Hon. Kathleen H. Burgess, Secretary, Public Service Commission, Three Empire State Plaza, Albany, New York 12223-1350

As New York advocacy group Alliance for a Green Economy (AGREE New York), a collection of non-governmental groups, has pointed out, the fact that the PSC is inviting comment means that a range of voices needs to be heard. The voices of those with vested interests will almost certainly be the loudest, as they have the most to lose if reforms are brought in.

The group has prepared an informative briefing on the REV program, as well as a set of talking points surrounding what they see as the main principles that should be adhered to throughout the process.

What will the role of solar energy be after REV?

systems, as a type of distributed energy, will play a key role in the future of New York’s electricity infrastructure. Even before the introduction of REV, the state’s solar programs were amalgamated under the umbrella of the New York Sun program, whose goal is “stimulating the marketplace, so that costs associated with installing solar electric systems for residents and businesses are reduced”.

The long-term goal of the program is to foster a self-sustaining market for solar energy in the state that doesn’t rely heavily on government grants or other incentives to make solar cost-effective. Currently, NY Sun is doing this by supporting solarize campaigns in cities and towns across the state, and will soon introduce a strategy for supporting community-shared solar projects as well.


Exactly how NY Sun will be integrated whatever recommendations come of the REV proceedings remains to be seen, but the fact is that now is already a good time to go solar in New York State. Compare offerings on the market in the state now by shopping on EnergySage’s Solar Marketplace.

Utilities can no longer own small-scale solar energy in New York State. What does it mean for you?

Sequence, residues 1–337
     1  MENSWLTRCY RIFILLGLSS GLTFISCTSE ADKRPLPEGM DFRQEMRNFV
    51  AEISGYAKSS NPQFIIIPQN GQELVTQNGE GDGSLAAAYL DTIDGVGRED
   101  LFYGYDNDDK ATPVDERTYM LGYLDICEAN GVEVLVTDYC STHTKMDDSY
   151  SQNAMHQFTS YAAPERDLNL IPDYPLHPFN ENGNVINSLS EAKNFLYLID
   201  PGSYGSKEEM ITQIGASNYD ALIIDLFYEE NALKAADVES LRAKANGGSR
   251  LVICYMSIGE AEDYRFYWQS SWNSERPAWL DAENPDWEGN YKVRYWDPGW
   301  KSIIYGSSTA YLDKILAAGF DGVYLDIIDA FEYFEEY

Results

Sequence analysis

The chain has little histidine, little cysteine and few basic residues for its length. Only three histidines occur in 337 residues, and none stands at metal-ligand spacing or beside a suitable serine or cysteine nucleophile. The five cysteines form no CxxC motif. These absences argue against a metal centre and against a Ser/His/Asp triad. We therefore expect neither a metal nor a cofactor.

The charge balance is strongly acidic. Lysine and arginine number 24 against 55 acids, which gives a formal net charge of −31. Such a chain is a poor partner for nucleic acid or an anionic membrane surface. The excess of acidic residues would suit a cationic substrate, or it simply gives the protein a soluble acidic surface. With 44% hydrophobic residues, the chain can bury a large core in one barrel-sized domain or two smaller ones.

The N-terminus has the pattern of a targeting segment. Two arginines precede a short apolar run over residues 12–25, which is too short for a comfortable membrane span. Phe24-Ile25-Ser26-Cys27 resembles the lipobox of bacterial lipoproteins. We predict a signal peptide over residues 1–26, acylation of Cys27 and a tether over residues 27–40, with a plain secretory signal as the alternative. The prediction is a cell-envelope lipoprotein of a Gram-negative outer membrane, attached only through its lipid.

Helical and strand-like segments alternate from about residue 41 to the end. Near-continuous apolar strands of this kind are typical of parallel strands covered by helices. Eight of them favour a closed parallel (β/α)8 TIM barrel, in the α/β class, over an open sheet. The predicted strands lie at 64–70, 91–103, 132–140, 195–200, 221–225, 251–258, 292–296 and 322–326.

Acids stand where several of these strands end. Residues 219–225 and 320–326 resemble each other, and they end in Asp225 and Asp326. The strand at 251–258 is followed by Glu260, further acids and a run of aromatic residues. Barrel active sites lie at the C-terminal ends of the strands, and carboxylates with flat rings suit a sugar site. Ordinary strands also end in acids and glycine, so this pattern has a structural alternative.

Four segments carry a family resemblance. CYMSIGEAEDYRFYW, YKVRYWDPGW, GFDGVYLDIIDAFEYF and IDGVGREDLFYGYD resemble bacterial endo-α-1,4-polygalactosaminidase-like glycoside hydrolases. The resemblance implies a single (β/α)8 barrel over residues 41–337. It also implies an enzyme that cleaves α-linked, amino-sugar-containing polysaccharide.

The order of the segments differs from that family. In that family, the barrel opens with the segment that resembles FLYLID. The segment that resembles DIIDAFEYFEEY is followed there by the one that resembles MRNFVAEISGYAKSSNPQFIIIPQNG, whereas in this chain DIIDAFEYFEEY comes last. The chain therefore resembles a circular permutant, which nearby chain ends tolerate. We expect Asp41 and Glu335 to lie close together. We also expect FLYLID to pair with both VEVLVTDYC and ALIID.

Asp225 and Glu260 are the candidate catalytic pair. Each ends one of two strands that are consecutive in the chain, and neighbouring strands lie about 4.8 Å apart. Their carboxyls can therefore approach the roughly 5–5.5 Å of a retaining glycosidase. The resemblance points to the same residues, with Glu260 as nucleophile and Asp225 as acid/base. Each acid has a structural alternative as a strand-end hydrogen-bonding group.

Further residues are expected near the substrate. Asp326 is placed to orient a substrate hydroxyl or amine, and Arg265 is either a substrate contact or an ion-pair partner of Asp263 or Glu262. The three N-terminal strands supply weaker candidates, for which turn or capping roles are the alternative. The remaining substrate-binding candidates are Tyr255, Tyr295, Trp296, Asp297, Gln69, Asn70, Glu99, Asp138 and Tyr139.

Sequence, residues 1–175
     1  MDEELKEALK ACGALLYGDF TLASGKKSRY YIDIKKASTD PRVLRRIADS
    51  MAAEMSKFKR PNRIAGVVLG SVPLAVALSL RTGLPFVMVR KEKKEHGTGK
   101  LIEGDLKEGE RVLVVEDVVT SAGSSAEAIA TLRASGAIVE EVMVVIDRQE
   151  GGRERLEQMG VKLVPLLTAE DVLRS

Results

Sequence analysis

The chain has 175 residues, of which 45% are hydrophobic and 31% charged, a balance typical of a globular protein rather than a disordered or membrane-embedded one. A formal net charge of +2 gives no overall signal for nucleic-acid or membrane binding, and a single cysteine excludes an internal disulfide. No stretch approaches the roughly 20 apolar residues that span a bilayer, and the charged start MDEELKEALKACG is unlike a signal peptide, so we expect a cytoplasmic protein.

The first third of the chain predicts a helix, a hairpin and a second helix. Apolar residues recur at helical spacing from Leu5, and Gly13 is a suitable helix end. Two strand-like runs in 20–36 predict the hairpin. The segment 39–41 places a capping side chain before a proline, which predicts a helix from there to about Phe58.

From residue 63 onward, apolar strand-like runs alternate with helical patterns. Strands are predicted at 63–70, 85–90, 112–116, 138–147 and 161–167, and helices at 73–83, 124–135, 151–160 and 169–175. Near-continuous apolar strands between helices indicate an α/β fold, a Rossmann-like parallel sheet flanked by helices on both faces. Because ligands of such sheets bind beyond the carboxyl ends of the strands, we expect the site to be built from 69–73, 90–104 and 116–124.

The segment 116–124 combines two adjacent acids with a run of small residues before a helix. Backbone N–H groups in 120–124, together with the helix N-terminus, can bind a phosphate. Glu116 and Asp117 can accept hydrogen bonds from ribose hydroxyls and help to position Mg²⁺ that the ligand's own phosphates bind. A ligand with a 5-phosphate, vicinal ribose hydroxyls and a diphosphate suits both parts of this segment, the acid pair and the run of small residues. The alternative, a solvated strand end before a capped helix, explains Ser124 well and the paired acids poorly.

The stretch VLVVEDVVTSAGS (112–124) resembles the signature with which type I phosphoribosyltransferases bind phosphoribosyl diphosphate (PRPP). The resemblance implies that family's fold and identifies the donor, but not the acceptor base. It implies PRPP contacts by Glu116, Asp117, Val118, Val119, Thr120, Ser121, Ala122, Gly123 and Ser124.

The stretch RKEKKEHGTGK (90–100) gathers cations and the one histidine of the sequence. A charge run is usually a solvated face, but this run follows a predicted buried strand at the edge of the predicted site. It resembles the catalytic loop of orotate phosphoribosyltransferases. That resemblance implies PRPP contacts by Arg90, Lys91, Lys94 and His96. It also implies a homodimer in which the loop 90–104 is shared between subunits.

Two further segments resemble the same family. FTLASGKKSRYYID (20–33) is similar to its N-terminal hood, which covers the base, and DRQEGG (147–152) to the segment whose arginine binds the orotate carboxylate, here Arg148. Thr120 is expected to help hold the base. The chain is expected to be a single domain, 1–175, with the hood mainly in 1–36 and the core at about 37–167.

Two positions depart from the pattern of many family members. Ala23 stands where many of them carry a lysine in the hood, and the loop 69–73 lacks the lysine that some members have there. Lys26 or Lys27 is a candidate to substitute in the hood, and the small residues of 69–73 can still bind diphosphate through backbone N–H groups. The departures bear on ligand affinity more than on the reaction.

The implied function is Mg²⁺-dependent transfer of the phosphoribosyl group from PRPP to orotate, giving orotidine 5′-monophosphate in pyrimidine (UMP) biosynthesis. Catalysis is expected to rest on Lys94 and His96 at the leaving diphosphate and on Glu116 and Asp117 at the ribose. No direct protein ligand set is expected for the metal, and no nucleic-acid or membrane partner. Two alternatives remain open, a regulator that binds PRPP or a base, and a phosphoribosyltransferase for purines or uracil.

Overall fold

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The New York Public Services Commission (PSC) has introduced measures to ensure that distributed energy technologies like rooftop solar panels remain affordable for all New Yorkers. As part of the state’s forward-thinking Reforming the Energy Vision (REV) initiative, state utilities will be barred from owning distributed generation equipment (such as your solar panel system). According to Governor Andrew Cuomo, the new rules will empower state residents to take control of their electricity usage – and reduce their power bills.

The key focus of the REV program is to bring New York’s electricity system into the modern era by improving network efficiency and introducing more renewable energy sources. As Governor Cuomo points out in the announcement of the new rule last month, New York’s approach to electricity infrastructure has undergone little change since the first grid was introduced in lower Manhattan back in 1884. “This state is in need of a modern and efficient energy system, and we are proud to take the steps to build a sustainable way to deliver energy to every home in New York,” he said.

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Are microinverters and power optimizers the future of residential solar power?

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If you’ve been shopping around for a solar panel system, you may have heard of microinverters (from companies like Enphase and SolarBridge) and power optimizers (from companies like Tigo and SolarEdge). These devices – collectively referred to here as Module-level Power Electronics (MLPE) – are quickly gaining popularity in the US as an alternative to conventional string inverters.

In this article we take a look at this emerging trend and examine whether these technologies are the best option for all homes.

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New York’s fracking ban: Gas on the way out, solar in for Empire State’s energy future?

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At the end of last year, governor Andrew Cuomo announced that New York State will put a stop to high volume hydraulic fracking (HVHF, also known as ‘fracking’) within its borders – making it the second state (Vermont being the first) to ban the controversial practice. Environmentalists have applauded the decision, and a recent Quinnipiac University poll found that over half of New Yorkers approve as well.

Here we look at three questions about New York’s decision to put fracking activities on hold: